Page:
Title
<tex>$\alpha$</tex>-Synuclein strains cause distinct synucleinopathies after local and systemic administration <tex>$\alpha$</tex>-Synuclein strains cause distinct synucleinopathies after local and systemic administration
Author
Faculty/Department
Faculty of Pharmaceutical, Biomedical and Veterinary Sciences . Biomedical Sciences
Publication type
article
Publication
London ,
Subject
Biology
Human medicine
Engineering sciences. Technology
Source (journal)
Nature. - London
Volume/pages
522(2015) :7556 , p. 340-344
ISSN
0028-0836
ISI
000356425400053
Carrier
E
Target language
English (eng)
Full text (Publishers DOI)
Affiliation
University of Antwerp
Abstract
Misfolded protein aggregates represent a continuum with overlapping features in neurodegenerative diseases but differences in protein components and affected brain regions1. The molecular hallmark of synucleinopathies such as Parkinsons Disease (PD), Dementia with Lewy Bodies (DLB) and Multiple System Atrophy (MSA) are mega-dalton α-synuclein-rich deposits suggestive of one molecular event causing distinct disease phenotypes. Glial α-synuclein (αSYN) filamentous deposits are prominent in MSA while neuronal αSYN inclusions are found in PD and DLB2. The recent discovery of αSYN assemblies with different structural characteristics or strains has led to the hypothesis that strains could provide an explanation for the different clinico-pathological traits within synucleinopathies3,4. In this study we show that αSYN strain conformation and seeding propensity lead to distinct histopathological and behavioral phenotypes. We assess the properties of structurally well-defined αSYN assemblies (oligomers, ribbons and fibrils) after injection in rat brain. We prove that αSYN strains amplify in vivo. Fibrils appear as the major toxic species resulting in progressive motor impairment and cell death, while ribbons cause a distinct histopathological phenotype displaying PD and MSA traits. Additionally, we show that αSYN assemblies cross the blood-brain barrier and distribute to the central nervous system after intravenous injection. Our results demonstrate that distinct αSYN strains display differential seeding capacities inducing strain-specific pathology and neurotoxic phenotypes.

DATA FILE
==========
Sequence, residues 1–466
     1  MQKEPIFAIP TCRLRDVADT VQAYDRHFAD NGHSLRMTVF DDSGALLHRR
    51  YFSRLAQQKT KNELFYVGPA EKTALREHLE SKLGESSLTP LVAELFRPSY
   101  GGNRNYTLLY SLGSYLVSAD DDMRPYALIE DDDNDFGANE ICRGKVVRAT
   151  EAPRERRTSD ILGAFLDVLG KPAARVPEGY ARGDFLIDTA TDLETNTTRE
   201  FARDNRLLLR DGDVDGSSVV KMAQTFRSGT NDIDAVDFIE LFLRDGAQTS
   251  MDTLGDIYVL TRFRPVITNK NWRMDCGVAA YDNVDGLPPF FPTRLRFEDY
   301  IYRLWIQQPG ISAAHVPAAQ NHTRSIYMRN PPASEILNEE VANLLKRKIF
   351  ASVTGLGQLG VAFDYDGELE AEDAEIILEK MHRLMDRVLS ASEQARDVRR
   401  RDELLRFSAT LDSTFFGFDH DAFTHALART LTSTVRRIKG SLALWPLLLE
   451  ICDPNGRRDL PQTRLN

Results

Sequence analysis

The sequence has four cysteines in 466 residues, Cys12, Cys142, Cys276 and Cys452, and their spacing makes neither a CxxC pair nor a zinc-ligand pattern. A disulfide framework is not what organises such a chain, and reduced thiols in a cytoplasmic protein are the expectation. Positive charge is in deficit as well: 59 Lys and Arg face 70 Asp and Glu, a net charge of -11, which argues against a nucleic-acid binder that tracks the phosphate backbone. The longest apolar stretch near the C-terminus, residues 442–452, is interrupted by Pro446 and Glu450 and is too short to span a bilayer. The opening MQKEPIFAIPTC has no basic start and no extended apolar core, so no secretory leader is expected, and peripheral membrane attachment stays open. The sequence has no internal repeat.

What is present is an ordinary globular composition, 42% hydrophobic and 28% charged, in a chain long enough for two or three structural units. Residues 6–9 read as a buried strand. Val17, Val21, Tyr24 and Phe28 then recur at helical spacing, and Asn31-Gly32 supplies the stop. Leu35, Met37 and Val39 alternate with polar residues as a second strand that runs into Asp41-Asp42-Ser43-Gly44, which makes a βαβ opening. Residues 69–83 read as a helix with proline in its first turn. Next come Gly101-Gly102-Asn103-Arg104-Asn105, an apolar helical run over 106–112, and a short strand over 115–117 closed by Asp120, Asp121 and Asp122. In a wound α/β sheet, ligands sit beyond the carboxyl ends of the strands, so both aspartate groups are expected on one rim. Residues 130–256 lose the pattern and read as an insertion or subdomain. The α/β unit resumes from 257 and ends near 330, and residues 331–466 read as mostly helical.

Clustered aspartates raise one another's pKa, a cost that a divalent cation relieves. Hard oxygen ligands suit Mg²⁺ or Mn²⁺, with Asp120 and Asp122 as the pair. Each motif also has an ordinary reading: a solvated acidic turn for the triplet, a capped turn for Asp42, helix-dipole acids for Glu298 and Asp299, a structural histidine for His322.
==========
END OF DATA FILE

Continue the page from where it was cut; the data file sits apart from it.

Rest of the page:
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https://repository.uantwerpen.be/docman/iruaauth/3840a7/125363.pdf
Handle